Culture Fit: Pawstruck Chief Executive Kyle Goguen with his boxer, Tyson, the company’s chief canine officer.

Culture Fit: Pawstruck Chief Executive Kyle Goguen with his boxer, Tyson, the company’s chief canine officer.

Kyle Goguen’s ability to sniff out and pounce on emerging market trends resulted in Pawstruck, an ecommerce venture with a focus on healthy pet snacks, landing the No. 7 slot on this year’s list of the Business Journal’s fastest growing private companies.

“I’m very fortunate to have found an industry that’s growing on its own without me doing anything,” said Goguen, the company’s founder and chief executive. “As humans are becoming more conscious of what they’re putting in their own body, they’re becoming more conscious of what they’re putting in their animals’ bodies because they’re part of the family now more so than ever.

“Also, ecommerce is growing very, very quickly,” he added. “So, I’m kind of lucky to have both aspects at the same time.”

Pawstruck is a 5-year-old enterprise with 23 full-time employees, an office in Long Beach, and a warehouse in Kansas. It specializes in single-ingredient, natural products for dogs, such as cow ears, bones and antlers.

Pawstruck’s website accounts for a portion of the company’s ecommerce sales, including its monthly mystery box and other product subscriptions. The rest is sold through Amazon.com Inc., Groupon Inc., Walmart.com, and eBay Inc., and, the company hopes, soon via Chewy Inc. and Target.com as well.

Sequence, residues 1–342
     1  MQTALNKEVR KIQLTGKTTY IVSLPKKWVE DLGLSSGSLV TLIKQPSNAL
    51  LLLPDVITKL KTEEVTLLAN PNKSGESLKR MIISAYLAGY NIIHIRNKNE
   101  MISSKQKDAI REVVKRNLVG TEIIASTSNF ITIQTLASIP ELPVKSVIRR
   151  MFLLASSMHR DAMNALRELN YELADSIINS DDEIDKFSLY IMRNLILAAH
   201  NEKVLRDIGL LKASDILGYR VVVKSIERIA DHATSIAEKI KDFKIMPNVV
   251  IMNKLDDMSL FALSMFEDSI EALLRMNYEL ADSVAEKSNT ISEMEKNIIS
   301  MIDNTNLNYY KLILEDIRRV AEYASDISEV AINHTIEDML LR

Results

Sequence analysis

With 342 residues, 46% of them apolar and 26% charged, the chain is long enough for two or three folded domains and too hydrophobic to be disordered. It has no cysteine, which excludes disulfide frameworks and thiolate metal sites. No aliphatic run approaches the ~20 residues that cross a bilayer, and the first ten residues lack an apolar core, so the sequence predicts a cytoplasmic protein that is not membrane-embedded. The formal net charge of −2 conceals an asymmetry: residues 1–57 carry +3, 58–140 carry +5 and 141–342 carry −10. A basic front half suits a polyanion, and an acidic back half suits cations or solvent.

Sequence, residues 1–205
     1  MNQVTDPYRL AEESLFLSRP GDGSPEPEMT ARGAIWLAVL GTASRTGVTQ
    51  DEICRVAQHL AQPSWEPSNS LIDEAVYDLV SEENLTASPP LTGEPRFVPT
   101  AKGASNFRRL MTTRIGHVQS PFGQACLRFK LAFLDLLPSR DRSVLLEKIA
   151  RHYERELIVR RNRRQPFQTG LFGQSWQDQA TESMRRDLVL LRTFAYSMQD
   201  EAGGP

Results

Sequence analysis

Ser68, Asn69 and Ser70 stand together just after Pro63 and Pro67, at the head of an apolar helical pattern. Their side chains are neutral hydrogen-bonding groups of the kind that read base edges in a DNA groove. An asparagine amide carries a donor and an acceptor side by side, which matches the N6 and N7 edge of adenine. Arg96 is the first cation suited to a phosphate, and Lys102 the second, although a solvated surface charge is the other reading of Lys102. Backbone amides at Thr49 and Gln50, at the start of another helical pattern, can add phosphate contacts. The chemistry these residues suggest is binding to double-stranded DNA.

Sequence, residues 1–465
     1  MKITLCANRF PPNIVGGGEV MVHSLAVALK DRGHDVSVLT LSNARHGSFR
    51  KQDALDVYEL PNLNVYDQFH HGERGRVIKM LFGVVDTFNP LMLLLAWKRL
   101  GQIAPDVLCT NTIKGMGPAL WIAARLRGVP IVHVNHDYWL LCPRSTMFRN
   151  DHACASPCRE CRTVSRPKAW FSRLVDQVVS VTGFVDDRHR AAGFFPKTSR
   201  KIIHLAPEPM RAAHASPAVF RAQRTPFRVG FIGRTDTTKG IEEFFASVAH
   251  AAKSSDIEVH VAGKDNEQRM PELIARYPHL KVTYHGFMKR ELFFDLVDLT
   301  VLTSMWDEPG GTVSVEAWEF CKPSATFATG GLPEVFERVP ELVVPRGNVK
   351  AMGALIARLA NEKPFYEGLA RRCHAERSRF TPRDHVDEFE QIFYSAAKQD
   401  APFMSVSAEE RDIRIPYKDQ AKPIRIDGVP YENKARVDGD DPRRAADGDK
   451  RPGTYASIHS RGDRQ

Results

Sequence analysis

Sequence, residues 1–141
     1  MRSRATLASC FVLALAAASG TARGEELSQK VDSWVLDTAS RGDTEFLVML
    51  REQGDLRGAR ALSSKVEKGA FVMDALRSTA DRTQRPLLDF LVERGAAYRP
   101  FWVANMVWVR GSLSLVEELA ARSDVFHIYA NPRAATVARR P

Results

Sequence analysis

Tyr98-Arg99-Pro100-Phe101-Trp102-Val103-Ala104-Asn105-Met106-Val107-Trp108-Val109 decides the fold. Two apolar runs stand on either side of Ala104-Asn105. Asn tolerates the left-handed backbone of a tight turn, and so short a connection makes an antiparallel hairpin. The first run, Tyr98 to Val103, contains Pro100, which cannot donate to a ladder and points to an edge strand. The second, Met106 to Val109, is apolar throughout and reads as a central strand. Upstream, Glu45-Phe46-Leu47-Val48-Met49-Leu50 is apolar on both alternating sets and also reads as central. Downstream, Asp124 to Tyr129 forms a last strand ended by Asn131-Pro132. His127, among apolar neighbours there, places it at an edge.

Pawstruck posted $8.8 million in revenue last year, a 486% uptick from 2016, when it surpassed $1 million for the first time.

“I remember ($1 million) being a huge milestone because, especially early on, that sounded so out of the question,” Goguen said. “Once we hit that, it was like, ‘Okay all this time we’ve been putting in, it means something. It means that people care, that people enjoy the product and they keep shopping with us.’ It really validated the whole business and the whole idea.” 

To celebrate, there was “a quick pat on the back and then back to work” to get to $10 million, he said, adding that Pawstruck will close 2019 with an estimated $15 million in sales for the year.

Early training

Along with successes, the last five years have included several challenges and lessons learned.

Goguen’s initial foray into ecommerce transpired when he was a jobless teenager. He stumbled upon a Craigslist ad that looked promising — selling refurbished electronics on eBay.

“This guy would buy returned electronics from places like Fry’s or Best Buy by the container load, and then I was hired to weed through them, test them, figure out what was working, what wasn’t working, and then take pictures and list it on eBay,” he said. “It was my first experience with ecommerce in a loose sense, and I was really excited about it and passionate.”

While at USC working on an engineering degree, Goguen got a puppy, a boxer he named Tyson.

“I grew up with dogs, but this was my first time I was in charge of training and buying all of the supplies and treats and food,” he said. “And that was really where it hit me, that there was a gap in the market to some extent.